Community assembly processes restrict the capacity for genetic adaptation under climate change
5 March 2019Mokany, Karel; Bush, Alex; Ferrier, Simon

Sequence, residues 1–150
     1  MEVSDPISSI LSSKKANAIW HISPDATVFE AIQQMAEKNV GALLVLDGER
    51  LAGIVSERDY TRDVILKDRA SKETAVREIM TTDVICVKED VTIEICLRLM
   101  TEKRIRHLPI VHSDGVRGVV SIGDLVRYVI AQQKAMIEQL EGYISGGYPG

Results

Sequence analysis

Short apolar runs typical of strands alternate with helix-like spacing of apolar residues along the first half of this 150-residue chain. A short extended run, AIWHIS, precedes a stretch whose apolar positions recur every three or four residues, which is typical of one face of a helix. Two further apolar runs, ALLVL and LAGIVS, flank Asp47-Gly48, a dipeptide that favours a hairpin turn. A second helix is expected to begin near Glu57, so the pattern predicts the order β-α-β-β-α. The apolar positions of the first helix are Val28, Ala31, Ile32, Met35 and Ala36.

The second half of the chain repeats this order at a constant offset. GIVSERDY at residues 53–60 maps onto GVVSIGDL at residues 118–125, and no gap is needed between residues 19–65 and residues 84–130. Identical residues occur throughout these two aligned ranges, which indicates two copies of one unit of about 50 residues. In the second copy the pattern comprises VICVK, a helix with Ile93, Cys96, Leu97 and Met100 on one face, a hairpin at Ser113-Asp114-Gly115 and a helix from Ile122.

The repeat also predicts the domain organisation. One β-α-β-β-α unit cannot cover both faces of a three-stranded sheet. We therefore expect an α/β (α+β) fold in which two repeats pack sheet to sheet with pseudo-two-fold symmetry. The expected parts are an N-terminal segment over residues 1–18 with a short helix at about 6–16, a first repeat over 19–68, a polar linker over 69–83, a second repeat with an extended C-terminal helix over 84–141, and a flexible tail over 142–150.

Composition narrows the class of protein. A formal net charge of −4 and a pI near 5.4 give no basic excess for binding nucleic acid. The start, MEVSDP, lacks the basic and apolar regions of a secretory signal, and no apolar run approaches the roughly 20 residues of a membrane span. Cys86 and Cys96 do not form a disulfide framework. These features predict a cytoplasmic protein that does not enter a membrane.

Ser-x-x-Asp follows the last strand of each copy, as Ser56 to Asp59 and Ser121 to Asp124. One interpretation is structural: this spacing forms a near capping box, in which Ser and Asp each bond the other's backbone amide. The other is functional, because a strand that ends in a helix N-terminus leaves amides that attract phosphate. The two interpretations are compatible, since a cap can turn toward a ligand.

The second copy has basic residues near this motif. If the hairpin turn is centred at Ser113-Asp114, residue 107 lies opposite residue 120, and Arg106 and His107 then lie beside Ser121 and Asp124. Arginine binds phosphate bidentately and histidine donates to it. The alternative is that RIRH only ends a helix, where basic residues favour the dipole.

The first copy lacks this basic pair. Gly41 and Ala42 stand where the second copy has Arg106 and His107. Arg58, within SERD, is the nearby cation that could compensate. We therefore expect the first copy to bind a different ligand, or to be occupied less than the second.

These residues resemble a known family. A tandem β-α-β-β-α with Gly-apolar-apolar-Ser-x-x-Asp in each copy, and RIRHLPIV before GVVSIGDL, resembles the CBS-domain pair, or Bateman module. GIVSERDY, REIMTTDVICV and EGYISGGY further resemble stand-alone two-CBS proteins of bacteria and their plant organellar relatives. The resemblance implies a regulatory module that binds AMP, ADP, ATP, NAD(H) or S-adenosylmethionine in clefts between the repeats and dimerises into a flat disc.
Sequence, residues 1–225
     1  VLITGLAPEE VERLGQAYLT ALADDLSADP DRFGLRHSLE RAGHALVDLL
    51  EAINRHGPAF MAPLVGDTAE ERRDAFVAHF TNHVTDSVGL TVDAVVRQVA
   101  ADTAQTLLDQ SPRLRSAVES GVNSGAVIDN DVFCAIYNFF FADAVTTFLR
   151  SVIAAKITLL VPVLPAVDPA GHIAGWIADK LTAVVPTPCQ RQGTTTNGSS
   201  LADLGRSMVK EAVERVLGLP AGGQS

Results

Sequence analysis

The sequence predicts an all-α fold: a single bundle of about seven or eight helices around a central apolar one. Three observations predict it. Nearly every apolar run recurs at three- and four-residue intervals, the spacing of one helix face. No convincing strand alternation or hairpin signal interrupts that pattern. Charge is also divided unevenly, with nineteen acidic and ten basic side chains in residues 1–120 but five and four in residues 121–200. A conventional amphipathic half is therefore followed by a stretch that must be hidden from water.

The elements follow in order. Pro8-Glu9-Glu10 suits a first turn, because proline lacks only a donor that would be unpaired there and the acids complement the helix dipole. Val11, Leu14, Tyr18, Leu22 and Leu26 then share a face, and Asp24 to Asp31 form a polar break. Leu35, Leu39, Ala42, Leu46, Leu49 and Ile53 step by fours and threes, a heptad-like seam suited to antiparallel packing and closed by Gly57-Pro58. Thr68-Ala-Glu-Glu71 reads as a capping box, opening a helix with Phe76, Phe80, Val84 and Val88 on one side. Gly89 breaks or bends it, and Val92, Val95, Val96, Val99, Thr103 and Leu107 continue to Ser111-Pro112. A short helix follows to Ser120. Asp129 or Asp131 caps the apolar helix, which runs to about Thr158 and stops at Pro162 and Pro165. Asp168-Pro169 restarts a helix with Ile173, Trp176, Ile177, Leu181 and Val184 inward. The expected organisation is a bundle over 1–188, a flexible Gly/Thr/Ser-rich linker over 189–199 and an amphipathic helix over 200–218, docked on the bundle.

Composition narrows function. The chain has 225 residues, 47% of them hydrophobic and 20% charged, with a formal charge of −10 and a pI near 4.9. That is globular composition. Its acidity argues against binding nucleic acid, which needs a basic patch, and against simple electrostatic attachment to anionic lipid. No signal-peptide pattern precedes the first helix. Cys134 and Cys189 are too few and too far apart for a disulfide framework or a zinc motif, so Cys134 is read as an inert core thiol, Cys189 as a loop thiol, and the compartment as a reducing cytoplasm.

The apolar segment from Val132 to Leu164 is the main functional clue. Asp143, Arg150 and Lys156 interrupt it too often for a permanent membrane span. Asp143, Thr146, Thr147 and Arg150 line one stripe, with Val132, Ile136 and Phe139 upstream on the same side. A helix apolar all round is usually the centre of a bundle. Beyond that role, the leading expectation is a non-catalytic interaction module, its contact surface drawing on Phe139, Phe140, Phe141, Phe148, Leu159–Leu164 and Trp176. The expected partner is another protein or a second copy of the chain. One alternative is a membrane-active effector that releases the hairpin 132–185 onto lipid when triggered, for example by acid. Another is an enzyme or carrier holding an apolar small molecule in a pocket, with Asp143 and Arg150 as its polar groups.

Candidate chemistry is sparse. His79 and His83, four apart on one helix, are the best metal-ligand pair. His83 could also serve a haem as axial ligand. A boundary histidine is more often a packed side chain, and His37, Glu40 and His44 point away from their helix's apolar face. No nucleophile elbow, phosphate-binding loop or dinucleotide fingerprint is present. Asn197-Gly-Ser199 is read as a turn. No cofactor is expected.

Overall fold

Given the magnitude and rate of ongoing climate change, the physiological capacity of species to tolerate extreme conditions will play a key role in influencing outcomes for biodiversity. It is also possible that species will respond to changes in climate by shifting their physiological tolerances, through genetic adaptation. How these processes influence biodiversity outcomes will be crucial in determining the most suitable management responses to retain diversity into the future. Here we assess how accounting for physiological tolerances, genetic adaptation and community assembly processes such as species replacement influence projected climate change outcomes for the flora of Tasmania (all 2,051 plant species). We incorporate these processes into the M-SET metacommunity model and compare four different assumptions of species niches: realized niches, broader physiological tolerances and low or high capacity for genetic adaptation. Accounting for physiological tolerances rather than realized niches had the largest impact on projected outcomes, with 358 fewer species extinctions in the hottest climate scenario (mean = 30 extinctions). In contrast, adding the capacity for species physiological tolerances to shift through genetic adaptation resulted in little additional benefits for biodiversity outcomes, even under an optimistic level of adaptive capacity. We find that this is due largely to community assembly processes such as species replacement restricting the ability of species to persist and adapt in situ, as has been suggested from theoretical metacommunity models applied in simple artificial settings. Our results highlight the importance of accounting for species physiological tolerances and community-level processes in biodiversity projections, while the potential role for genetic adaptation may be small, requiring further exploration in alternative contexts.